A "GenePool" contains a list of species and the scores they got. It has a maximum size (for how many of an individual species can exist at once in the pool). Before breeding, you refresh it which sorts itself by score and extincts the species which make it go over the limit. You then get species from it by calling "extract", which grabs 2 randomly (weighted by score), breeds them, and returns the new species which you pass on to the bug or swarm to create itself out of.

When the bug/swarm is done, it grades it's species and puts it in the gene pool. When a species breeds, it's marked as old and gets sorted near the end of the pool the next time it's refreshed to ensure old species don't hang around forever (as species never get rescored once they're in the pool, just their new children do).

There's 2 species types I have right now. "SwarmSpecies" and "BugSpecies". Each swarm species contains a GenePool of bug species. When breeding swarm species together, it combines the bug genepools together too. The main game controller contains the swarm's GenePool. At each wave, it refreshes the pool and generates new species from it. Since enemies don't have a good metric for how well they performed right now (as I don't have the enemies being dangerous yet), the "score" is just how many ticks they could stay alive for.

Initial results look promising. After killing some basic bugs, I played with it a few times. Enemies realized that when they were close to the planet they were harder to hit (since less bullets could reach them when the planet was in the way), so new generations got progressively closer to the surface of the planet. I didn't like this cause if they were inside it makes them impossible to kill, so I added a minimum orbit distance.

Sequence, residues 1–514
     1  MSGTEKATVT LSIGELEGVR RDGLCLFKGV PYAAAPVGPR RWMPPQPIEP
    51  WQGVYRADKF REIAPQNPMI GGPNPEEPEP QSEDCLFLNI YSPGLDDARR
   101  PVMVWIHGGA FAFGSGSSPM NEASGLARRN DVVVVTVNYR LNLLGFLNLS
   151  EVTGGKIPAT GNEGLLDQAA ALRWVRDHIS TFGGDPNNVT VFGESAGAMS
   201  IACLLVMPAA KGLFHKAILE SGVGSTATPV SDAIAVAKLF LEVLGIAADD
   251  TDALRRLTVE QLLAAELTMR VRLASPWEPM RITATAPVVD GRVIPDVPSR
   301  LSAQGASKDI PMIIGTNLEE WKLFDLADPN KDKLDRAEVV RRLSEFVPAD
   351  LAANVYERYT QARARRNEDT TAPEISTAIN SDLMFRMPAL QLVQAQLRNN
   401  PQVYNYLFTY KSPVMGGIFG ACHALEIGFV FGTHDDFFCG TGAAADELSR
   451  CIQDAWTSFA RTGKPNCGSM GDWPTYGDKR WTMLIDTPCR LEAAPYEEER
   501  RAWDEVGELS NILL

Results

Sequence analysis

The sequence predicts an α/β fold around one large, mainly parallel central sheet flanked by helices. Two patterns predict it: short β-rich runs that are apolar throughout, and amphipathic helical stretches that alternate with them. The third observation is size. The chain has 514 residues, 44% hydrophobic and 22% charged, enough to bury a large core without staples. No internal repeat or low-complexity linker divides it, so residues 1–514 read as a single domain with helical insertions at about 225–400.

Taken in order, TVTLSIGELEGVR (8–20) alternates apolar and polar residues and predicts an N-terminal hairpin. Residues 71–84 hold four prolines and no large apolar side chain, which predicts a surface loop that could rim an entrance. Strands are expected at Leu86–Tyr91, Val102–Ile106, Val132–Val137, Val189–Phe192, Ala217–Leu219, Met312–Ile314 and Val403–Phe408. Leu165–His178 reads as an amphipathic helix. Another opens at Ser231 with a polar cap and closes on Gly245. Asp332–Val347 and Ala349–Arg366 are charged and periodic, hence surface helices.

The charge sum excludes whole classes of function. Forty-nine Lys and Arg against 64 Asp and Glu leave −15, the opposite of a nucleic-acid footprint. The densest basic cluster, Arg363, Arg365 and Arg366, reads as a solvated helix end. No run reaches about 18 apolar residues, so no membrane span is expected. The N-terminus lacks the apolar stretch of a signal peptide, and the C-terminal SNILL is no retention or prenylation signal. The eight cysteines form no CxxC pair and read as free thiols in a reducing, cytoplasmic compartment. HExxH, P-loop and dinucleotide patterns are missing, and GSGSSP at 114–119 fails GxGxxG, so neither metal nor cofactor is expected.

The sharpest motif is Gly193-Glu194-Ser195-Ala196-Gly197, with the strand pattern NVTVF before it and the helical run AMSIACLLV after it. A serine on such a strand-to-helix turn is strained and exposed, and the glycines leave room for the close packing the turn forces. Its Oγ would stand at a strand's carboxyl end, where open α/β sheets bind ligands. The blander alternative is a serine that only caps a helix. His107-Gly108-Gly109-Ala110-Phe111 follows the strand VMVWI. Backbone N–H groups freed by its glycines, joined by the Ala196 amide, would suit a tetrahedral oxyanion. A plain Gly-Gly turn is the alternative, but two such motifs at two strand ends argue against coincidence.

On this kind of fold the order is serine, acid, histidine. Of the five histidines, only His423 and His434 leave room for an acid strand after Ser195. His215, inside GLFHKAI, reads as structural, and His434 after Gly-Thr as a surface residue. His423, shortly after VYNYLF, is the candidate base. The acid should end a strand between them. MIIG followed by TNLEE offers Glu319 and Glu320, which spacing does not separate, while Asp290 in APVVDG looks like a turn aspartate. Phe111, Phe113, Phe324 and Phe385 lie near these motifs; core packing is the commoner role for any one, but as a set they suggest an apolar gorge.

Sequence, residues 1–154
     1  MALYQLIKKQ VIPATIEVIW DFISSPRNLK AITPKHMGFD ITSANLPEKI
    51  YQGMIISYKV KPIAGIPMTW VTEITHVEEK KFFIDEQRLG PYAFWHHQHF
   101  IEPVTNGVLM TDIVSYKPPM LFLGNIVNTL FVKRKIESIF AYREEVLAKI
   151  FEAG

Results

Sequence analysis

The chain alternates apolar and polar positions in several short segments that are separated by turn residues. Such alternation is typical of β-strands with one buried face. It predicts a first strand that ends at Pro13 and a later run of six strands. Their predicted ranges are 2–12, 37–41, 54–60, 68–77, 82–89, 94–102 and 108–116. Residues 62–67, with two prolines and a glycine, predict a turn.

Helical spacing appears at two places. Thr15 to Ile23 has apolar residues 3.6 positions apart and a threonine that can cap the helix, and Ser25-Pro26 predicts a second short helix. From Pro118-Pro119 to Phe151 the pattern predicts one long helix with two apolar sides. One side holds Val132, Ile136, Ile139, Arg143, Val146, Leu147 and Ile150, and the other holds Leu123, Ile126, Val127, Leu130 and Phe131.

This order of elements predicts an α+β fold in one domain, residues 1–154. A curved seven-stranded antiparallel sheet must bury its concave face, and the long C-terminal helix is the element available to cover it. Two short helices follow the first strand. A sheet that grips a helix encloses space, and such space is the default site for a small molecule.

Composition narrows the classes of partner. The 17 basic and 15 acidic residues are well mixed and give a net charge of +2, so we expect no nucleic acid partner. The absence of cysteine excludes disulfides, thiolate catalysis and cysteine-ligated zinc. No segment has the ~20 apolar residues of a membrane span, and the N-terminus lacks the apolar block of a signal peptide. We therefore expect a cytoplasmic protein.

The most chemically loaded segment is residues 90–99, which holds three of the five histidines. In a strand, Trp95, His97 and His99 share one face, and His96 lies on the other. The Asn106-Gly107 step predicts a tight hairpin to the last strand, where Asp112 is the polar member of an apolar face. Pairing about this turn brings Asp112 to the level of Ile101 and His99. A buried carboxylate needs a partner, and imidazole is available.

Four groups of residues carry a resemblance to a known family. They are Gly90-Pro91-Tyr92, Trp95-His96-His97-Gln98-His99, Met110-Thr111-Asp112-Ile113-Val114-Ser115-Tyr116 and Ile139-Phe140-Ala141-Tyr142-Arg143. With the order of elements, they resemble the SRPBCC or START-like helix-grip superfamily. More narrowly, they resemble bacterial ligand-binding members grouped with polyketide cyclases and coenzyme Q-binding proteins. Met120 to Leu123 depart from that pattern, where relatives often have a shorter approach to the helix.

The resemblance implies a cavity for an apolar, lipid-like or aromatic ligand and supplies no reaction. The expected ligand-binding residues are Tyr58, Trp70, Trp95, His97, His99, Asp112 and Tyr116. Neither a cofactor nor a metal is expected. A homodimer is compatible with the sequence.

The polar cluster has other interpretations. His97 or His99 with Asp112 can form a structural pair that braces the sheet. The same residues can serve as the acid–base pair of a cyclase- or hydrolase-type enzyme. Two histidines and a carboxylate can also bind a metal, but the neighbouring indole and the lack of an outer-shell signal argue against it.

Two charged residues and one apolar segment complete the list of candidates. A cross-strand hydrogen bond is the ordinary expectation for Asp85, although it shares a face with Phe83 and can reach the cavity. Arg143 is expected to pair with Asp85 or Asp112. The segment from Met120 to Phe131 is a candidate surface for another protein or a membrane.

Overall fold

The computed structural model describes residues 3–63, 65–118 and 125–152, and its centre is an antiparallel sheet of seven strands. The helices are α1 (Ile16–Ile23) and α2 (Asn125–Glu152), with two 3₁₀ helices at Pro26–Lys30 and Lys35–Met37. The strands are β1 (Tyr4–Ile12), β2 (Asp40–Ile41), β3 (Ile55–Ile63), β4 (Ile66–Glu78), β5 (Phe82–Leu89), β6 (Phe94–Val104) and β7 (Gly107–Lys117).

Yet again though, they found a way to burrow into the planet by orbiting fast and moving slow (they never had much time to catch up to where they were orbiting, so they lagged behind, conveniently inside the planet). After about 6 waves I had enemy swarms completely inside the planet, unable to be hit, effectively invincible. Trying again, I shot just the swarms who liked to bunch together before clearing out the rest, and sure enough the enemies got smaller and more spread out (= way harder to hit with big powerful shots, but much easier to hit with lots of tiny low power shots).

I had to impose some limits on the speed too, enemies found out that if they moved very slowly, it would take them way longer to get in range of being shot in the first place. I even had an enemy just sitting there on the blind side of the planet not orbiting cause I couldn't hit it there. Variables that mattered less for survival tended to stay pretty random throughout the game, as expected too.

I'll probably keep this in the game. It makes it interesting, even though it still needs a lot of tweaking to get right (and of course, I need to make real enemies too).

Enemies have learned to burrow and grow huge